chick due to hatch now what

Discussion in 'Incubating & Hatching Eggs' started by luluspunky, Jun 29, 2016.

  1. luluspunky

    luluspunky Out Of The Brooder

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    Jun 6, 2016
    Laurel, MS
    I have two broodies sitting on fertilized eggs due to hatch on Fri. their nesting boxes are about a foot and a half off the ground with a tray for roosting which I have shavings in, and a ramp to go down to the ground where the water and feed are. There is a 10x10 fenced in run but I do let the hens, I have one that is not sitting, out during the afternoon to roam and get them in before dark. How do I handle the chicks? I think I need to get chick starter. Do I need to isolate from the other hen? I'm new at this, so please ignore my ignorance.
     
  2. sumi

    sumi Égalité Staff Member

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    Get some chick starter for the broodies and chicks. If the other hen is laying, put some crushed oystershell out for her, so she can supplement her calcium needs that way.

    The moms and chicks will most likely sleep on the floor of the coop after leaving the nest box, unless mom can talk to chicks into navigating the ramp up. They may or may not.

    Provide water for everyone in shallow dishes with some marbles or pebbles in, to prevent accidental drownings (chicks are clumsy when little).

    Leave the non-broody hen in the flock with the new chicks. If mom's good, she'll protect them and keep everyone away from the chicks.

    Good luck with the hatch!
     
  3. FarmerMac

    FarmerMac Chillin' With My Peeps

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    There are different opinions in this forum so just see what works for you. Since you have a lot of room in the run, I would suggest to put the nest box on the ground so the chicks can go in and out of the nest. I have seen chicks not able to climb the ramp even if the mother calls them. Once they are abut a week old, they can move easier and go everywhere the mom goes.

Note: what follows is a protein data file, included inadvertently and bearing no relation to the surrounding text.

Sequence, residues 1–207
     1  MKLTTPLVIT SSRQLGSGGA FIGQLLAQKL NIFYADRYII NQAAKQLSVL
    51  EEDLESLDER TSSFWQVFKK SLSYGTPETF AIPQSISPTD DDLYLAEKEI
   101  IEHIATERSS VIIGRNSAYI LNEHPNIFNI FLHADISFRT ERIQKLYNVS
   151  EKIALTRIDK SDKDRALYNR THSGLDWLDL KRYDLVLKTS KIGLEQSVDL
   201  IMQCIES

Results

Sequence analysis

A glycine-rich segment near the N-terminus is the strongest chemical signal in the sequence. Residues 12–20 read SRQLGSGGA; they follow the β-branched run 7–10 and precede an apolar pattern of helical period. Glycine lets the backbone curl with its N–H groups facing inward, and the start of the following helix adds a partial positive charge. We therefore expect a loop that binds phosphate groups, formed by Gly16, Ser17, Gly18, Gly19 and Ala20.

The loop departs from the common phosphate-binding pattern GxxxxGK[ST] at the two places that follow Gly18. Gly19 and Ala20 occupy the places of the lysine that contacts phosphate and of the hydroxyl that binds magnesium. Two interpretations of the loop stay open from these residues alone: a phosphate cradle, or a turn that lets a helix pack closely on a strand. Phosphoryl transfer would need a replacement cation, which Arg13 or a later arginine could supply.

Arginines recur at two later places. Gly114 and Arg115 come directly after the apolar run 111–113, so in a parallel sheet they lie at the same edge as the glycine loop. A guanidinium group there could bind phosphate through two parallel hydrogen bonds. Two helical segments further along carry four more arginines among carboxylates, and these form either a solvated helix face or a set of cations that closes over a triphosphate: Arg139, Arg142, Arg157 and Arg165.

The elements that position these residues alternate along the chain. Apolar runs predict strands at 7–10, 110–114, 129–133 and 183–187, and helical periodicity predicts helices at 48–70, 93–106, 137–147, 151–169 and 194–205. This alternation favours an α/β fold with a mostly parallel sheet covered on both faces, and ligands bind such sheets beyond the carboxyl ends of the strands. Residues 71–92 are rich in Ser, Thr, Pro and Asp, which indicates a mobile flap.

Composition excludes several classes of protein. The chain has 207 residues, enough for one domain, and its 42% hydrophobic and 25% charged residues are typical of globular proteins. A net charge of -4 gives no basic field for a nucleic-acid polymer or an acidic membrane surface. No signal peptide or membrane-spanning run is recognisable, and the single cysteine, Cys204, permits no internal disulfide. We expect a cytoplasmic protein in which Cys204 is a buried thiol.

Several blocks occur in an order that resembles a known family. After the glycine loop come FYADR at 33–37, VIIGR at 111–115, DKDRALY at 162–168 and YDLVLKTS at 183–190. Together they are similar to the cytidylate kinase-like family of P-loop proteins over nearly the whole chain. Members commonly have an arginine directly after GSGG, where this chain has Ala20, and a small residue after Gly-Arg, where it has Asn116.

4. luluspunky

    luluspunky Out Of The Brooder

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    Jun 6, 2016
    Laurel, MS
    Thanks for the info
     
  5. luluspunky

    luluspunky Out Of The Brooder

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    Jun 6, 2016
    Laurel, MS
    Thanks for the info
     
  6. Ridgerunner

    Ridgerunner Chicken Obsessed

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    We all do these things differently. When I see the chicks start to hatch, I put food and water on the coop floor where the chicks can get to it when Mama brings them of the nest. That’s it, I leave everything else up to Mama. She decides when to bring them off the nest and she takes care of them. At night she normally takes them into a corner of the coop to sleep, she does not normally go back to the nest where they hatched though I have seen a couple try to go into a low nest. One actually got her chicks to jump into a nest about a foot off the ground, but the other gave up and went to the corner of the coop with them to sleep. You’d be surprised at how well some newly hatched chicks can jump. Some, not all.

    I’ve seen a hen get her chicks out of a ten feet high hay loft, she said jump and they did, then bounced up and ran to her. Don’t worry about her being able to get them out of your nest at only 1-1/2 feet.

    Normally my hens keep their chicks in my coop about two days before they take them outside. After that they normally take them out the first thing in the morning and don’t bring them back in until dark. I have a rooster, several hens, and often some juveniles in my coop and run. The broody takes care of her chicks and protects them when she needs to. Some people report that their broodies haven’t protected her babies. When you are dealing with living animals about anything can happen, these things don’t come with guarantees, but I’ve never had a broody hen not protect her babies.